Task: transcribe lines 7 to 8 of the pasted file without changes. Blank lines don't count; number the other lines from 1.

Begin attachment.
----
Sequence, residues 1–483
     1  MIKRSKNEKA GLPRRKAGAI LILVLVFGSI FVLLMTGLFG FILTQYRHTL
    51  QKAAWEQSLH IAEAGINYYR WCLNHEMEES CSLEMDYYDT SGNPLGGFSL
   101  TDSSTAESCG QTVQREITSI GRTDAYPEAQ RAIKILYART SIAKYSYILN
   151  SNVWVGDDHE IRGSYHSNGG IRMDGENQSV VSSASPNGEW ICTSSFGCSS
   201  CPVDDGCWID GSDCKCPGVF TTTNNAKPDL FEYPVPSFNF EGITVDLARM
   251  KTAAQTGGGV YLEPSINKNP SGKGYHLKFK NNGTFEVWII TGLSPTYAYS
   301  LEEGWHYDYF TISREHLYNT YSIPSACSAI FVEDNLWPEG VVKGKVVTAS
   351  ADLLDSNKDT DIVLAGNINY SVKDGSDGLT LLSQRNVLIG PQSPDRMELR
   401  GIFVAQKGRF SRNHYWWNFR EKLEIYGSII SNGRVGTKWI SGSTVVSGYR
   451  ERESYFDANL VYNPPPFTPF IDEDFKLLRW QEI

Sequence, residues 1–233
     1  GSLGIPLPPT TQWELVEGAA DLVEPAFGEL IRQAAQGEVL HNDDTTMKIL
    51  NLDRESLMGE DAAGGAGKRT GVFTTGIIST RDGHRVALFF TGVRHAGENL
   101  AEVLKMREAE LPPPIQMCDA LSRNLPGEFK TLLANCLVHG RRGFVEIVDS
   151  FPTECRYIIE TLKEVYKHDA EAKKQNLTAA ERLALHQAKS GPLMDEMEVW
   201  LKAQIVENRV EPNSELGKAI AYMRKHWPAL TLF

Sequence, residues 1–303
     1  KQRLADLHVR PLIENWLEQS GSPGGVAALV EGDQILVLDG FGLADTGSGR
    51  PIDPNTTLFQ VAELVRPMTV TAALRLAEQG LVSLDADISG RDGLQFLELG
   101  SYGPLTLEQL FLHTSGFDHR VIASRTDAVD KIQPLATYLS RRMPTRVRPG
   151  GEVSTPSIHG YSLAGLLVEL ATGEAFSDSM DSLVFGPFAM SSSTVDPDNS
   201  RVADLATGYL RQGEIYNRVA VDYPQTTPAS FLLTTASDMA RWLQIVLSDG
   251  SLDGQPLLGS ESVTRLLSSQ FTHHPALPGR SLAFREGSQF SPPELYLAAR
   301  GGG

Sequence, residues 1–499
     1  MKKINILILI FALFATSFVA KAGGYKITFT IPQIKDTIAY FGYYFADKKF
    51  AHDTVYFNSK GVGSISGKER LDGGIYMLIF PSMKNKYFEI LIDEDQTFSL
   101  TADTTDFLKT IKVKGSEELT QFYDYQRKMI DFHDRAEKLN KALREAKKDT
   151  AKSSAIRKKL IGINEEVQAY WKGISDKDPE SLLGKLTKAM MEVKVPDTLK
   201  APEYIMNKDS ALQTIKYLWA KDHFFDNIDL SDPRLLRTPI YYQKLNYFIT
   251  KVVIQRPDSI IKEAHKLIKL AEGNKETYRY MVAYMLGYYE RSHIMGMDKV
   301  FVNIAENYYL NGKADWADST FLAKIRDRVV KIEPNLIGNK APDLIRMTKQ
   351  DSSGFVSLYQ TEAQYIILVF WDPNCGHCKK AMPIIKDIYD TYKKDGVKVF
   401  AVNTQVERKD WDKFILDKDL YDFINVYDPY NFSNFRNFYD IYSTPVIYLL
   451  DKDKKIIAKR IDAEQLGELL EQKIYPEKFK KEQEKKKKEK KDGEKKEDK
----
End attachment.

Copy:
   251  KTAAQTGGGV YLEPSINKNP SGKGYHLKFK NNGTFEVWII TGLSPTYAYS
   301  LEEGWHYDYF TISREHLYNT YSIPSACSAI FVEDNLWPEG VVKGKVVTAS